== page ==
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Experts explore low emission zone for Brighton and Hove to reduce pollution
12:58pm Friday 29th June 2012 in News
AN ANTI-pollution zone is being investigated as a way to clear Brighton and Hove's poisonous air.
Experts are looking at ways to set up a low emission zone (LEZ) across congested areas of the city to reduce pollution and improve people's lives.
This could see lorries and buses banned from key routes which experience high levels of traffic.
It comes as Brighton and Hove was named as one of the worst 12 areas in the country for air pollution.
The Department for Food, Environment and Rural Affairs said LEZs were one of “the most effective ways of improving air quality in our towns and cities in the shortest time possible”.
Officials are considering creating LEZs in the most polluted parts of Sussex.
But this is unlikely to take on the same format as that in London where the owners of larger older vehicles have to pay up to £200 a day to use the roads.
Nigel Jenkins, of Sussex Air Quality Partnership, said: “We're working with councils, including Brighton and Hove City Council, and looking at all the air quality management areas in the county to see what we can do.
“A low emission zone is a definite option but it does not need to be along the London model.
“London is different as it already has all the infrastructure in place so can monitor vehicles.
“A similar zone like that would require cameras and a lot of investment.”
Mr Jenkins said options could involve restricting HGV use in roads where lorries regularly drive.
He added a more likely option would be working with bus and taxi companies to ensure their vehicles are modern and use alternative fuels, such as gas.
Norwich and Oxford have already created low emission zones along these lines.
Not a silver bullet
The Green administration said the problem in the city came from emissions from all cars not just older ones so an LEZ targeting older vehicles like in London would not be effective.
Ian Davey, the chair of the council's transport committee said: “The city's air quality problems aren't news to many residents, who for years have had to put up with dangerously high levels of pollution.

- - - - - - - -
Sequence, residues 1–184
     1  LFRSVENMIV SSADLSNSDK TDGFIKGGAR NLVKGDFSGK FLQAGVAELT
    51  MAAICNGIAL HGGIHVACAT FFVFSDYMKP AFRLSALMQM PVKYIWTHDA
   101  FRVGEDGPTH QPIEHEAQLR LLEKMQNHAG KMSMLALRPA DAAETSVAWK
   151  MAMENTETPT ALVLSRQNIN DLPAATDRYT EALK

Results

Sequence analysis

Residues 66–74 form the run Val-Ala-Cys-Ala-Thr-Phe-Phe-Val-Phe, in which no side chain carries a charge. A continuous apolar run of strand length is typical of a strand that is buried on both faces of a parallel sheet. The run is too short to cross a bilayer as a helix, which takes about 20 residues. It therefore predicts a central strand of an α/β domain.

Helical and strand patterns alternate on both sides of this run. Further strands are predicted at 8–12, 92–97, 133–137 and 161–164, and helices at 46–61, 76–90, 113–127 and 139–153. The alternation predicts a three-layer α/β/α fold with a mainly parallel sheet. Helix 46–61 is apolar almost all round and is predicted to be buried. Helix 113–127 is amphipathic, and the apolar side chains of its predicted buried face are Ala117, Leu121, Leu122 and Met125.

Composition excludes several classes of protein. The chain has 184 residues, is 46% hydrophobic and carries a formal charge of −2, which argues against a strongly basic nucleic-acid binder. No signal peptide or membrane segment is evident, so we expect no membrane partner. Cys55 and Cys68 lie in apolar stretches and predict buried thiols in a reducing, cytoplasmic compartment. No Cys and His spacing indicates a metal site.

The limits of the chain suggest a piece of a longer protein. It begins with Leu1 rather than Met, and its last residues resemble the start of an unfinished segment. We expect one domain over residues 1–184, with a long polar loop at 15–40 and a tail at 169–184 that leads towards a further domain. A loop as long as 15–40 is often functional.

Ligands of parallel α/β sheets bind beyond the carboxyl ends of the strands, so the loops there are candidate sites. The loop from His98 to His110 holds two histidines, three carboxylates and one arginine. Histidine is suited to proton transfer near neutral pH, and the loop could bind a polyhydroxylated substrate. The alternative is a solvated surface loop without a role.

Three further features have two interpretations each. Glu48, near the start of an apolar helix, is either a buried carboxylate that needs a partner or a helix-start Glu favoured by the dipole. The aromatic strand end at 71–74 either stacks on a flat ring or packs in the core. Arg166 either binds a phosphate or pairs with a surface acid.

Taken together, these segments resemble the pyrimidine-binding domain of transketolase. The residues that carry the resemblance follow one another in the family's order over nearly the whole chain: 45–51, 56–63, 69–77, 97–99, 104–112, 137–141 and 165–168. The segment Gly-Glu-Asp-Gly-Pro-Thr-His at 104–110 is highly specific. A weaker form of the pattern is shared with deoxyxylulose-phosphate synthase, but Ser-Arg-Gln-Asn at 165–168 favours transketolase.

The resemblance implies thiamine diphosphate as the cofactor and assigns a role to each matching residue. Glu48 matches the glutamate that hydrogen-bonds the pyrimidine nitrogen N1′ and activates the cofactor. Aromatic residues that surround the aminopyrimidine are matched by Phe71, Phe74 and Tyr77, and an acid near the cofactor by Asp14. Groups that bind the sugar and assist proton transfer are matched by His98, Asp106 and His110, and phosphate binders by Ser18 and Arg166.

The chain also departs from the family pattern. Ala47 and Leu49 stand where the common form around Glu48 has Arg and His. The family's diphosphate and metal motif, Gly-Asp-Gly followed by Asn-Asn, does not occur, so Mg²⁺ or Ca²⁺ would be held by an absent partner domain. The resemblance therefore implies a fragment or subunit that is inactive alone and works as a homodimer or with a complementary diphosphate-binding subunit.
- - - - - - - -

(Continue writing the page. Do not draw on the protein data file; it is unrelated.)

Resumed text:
“A low emission zone is an option, but not a silver bullet. It's one of a number of tools that may help deal with the problem of air pollution, along with promoting sustainable transport and working to keep traffic steadily moving.”
Green MP Caroline Lucas added: “The council is already taking action to reduce road congestion in the city and promote sustainable transport, but the truth is that poor air quality is too big a problem for councils to deal with alone.
“While low emission zones could be part of the solution, we would need a formal commitment from the Government to a national roll-out of LEZs to ensure that councils get the resources they need to make this a reality.”
Hove MP Mike Weatherley expressed concerns over the “rigid targets” in place in LEZs elsewhere.
He said: “On paper low emission zones can appear like a neat solution to improving air quality, which is something that I am sure everyone wants for our city.
“However, as we recently saw with the Big Lemon and the low emission zone in London, our very own eco-bus company didn't even meet the rigid targets imposed by the zone to allow it to travel in London - to collect an eco award - without paying a punitive fee.”
Roger French, from Brighton and Hove Bus and Coach Company, said any regulations on buses would need to be phased in over time.
He added: “In the long term it is a good idea and we are already investing in new buses as much as we can.
“But you cannot throw a bus fleet away overnight.”
Andrew Cheesman, of the Brighton and Hove Taxi Forum, warned any LEZ would simply push the problem elsewhere.
He said: “Whatever the council has done it has made it worse.
“Making Lewes Road one lane has made the pollution worse because of the traffic.”
He said a congestion charge was more likely to reduce traffic numbers and improve air quality.
The council's hand may be forced after the European Commission ruled the Government could not delay making improvements to air quality in Brighton and Hove and the other 11 worst affected areas of the country.
It means the government faces fines for not meeting targets, and there are fears these could be passed down to the local authority under the Localism Bill.
Areas in the city with the highest levels of Nitrogen Dioxide in 2011
Middle of North Street - 79 microgrammes per cubic metre
Viaduct Terrace - 70.9
Lower North Street - 65.9
Lewes Road, south of Vogue Gyratory - 65.5
Oxford Street, near London Road - 65.4
Marlborough Place - 61.5
New England Road, near Argyle Road - 58
Western Road, west of Churchill Square - 57.7
Queens Road, north of the Clock Tower - 55.8
East Old Shoreham Road - 54.4
Legal limit - 40
Pollutant Health effects at very high levels
Nitrogen Dioxide, Sulphur Dioxide, Ozone: These gases irritate the airways of the lungs, increasing the symptoms of those suffering from lung diseases.
Particles: Fine particles can be carried deep into the lungs where they can cause inflammation and a worsening of heart and lung diseases.
Carbon Monoxide: This gas prevents the uptake of oxygen by the blood. This can lead to a significant reduction in the supply of oxygen to the heart, particularly in people suffering from heart disease